Today, financial innovation is slow, costly and reserved for the few. Often it happens manually in spreadsheets and is available only for the largest of investors. Open source blockchains and digital native assets are changing this, just like AWS and open source did for software development.
Ethereum is the AWS of finance, radically transforming the cost to build and release financial products.
It used to be expensive to buy the servers and software licenses required to release software. Companies raised millions and spent much of it on Oracle licenses and server racks. Two things happened. Open source systems (bye-bye Oracle database) replaced many expensive software licenses, and AWS offered a pay-as-you-go system to replace high upfront costs. As a result, the cost to build and release a software product dropped 10x and massive experimentation blossomed.
This same thing is happening in finance today. Open source systems on Ethereum are replacing the expensive and manual systems (DTCC, clearing, trustee) reducing the cost and time to bring financial products to market. We’re on the cusp of an explosion of more efficient and open financial products.
The Layers of Finance
While investors usually only pay attention to the top of the stack, what products they can access, much of the important work happens under the surface. To appreciate why we’re on the cusp of change, it’s important to understand what’s going on under the covers.
In traditional finance, layer upon layer of administrative (and very often manual) work falls to interlocking players who have not modernized significantly in decades. This creates a baseline of inefficiency and cost that restricts innovation.
Ever wonder why the minimum or cost for a financial product is so high? The reason usually lies in fixed costs or restrictions that come from an intermediary lower in the stack. Tokenized Finance upends this by replacing much of those intermediaries and fees with trustless code, it’s digital at the core. That’s critical because it’s the first step into turning finance into an API, making programmable money a possibility.
A Simple Example
Let’s take securities-based lending as an example. It’s a simple financial product, cash loans using securities as collateral, and growing quickly.
In traditional finance, brokerages and banks offer customers competitive rates with minimums ranging from $50,000 to $250,000 to access a cash loan. That’s not bad and gives investors an opportunity to take a non-purpose loan while still retaining their investment positions.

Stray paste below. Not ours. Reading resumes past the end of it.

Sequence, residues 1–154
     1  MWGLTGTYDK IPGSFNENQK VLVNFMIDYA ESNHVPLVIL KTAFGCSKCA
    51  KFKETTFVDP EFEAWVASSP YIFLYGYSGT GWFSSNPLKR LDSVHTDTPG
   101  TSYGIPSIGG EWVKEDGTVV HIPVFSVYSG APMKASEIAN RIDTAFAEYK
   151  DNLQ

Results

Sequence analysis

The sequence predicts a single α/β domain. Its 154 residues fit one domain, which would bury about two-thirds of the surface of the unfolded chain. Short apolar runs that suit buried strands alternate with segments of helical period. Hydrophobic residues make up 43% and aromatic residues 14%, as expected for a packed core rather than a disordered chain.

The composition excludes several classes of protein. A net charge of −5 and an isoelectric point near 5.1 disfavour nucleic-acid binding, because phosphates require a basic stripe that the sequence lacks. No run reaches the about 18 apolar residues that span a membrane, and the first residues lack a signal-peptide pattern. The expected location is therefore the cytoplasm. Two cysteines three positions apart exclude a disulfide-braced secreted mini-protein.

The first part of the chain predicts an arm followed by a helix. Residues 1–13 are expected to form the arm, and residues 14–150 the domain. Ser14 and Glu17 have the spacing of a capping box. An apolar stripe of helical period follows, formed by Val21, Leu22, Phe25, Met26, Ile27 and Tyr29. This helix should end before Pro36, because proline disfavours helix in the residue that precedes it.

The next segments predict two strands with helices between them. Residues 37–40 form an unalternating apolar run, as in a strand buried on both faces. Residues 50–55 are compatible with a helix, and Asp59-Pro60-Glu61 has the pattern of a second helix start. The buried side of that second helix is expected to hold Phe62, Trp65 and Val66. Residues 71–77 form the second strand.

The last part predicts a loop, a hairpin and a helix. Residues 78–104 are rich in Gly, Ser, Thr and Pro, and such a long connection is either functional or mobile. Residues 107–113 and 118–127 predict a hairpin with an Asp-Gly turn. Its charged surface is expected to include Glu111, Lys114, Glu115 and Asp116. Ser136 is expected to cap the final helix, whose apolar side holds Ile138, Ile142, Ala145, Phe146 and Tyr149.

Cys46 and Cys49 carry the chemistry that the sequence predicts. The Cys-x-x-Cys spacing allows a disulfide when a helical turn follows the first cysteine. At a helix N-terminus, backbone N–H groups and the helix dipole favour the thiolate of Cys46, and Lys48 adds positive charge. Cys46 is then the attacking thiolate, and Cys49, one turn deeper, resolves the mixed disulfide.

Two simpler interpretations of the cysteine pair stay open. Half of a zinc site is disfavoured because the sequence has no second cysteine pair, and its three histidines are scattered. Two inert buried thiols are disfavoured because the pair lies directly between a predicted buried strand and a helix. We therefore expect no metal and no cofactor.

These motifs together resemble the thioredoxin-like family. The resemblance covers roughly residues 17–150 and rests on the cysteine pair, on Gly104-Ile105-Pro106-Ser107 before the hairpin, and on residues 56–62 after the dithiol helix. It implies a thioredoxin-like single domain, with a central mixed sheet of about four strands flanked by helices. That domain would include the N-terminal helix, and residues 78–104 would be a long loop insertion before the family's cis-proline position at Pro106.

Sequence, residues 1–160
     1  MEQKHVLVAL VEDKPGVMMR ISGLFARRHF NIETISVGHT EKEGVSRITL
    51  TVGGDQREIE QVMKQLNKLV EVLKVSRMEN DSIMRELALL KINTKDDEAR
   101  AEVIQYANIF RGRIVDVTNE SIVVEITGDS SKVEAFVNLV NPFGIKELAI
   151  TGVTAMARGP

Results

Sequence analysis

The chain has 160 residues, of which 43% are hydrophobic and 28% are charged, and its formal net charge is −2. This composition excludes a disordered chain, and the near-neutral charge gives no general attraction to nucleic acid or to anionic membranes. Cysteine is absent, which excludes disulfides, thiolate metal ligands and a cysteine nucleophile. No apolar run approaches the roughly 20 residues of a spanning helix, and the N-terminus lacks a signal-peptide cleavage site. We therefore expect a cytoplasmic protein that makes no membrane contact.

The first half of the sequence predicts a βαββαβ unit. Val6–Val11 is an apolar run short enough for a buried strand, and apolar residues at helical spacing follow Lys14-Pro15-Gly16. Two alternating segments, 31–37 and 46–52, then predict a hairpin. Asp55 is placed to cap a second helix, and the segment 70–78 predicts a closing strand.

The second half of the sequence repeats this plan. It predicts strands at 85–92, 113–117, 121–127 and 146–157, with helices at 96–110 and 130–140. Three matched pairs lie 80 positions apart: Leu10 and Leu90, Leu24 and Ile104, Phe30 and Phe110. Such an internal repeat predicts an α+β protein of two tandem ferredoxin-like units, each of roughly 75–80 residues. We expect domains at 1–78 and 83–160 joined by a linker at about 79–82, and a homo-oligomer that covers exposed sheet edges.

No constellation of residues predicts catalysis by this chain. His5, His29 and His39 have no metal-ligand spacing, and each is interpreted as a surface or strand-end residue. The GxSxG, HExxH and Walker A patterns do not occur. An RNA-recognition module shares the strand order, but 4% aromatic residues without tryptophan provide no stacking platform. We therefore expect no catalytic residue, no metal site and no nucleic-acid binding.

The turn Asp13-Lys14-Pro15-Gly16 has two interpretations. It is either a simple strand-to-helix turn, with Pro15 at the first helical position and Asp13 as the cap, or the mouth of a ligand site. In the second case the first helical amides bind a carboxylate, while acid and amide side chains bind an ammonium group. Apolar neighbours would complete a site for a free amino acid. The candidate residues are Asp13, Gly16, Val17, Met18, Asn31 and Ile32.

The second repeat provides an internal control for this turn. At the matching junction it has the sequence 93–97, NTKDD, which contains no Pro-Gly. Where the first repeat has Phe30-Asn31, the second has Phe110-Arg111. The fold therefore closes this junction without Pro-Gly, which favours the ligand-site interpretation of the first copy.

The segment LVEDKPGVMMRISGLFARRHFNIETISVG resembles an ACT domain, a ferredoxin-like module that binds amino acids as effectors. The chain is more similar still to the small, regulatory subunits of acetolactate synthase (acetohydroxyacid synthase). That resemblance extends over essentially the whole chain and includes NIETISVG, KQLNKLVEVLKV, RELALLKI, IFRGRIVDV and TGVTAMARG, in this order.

In Tokenized Finance, the financial product itself is code, protocols built on Ethereum A great example is MakerDao’s CDP which allows investors to deposit their collateral and take a cash-like (DAI) loan. It’s simple and the rates are not too different than what is available in traditional finance.
The big difference is the lack of a minimum. Code just works. It works exactly the same if the amount being deposited is worth $1 or $1M. And because there are no fixed marginal costs from intermediaries, the financial product as code can deliver the same value to the smallest and largest of investors.
Now, this may not seem like a big deal right now. Do you really want to take a $1 loan? Probably not. It does however provide a glimpse into what a future of code-driven financial products can offer.
What’s the Future?
Let’s add up what we know about Tokenized Finance.
- Transforms the core of finance into API, similar to how AWS turned software infrastructure into an API.
- Removes the fixed costs and antiquated rules of the financial intermediaries, removing barriers to bringing financial products to market and the costs inherent to them.
This means that software teams can now build and release financial products quickly. In addition, without fixed costs to every transaction, they can experiment with business models not before possible.
What’s more interesting is what will happen as the ecosystem grows.
Permissionless innovation with a reduced cost to bring products to market means rapid experimentation is now possible. This will create financial products not possible or conceived of in traditional finance.
The future is bright.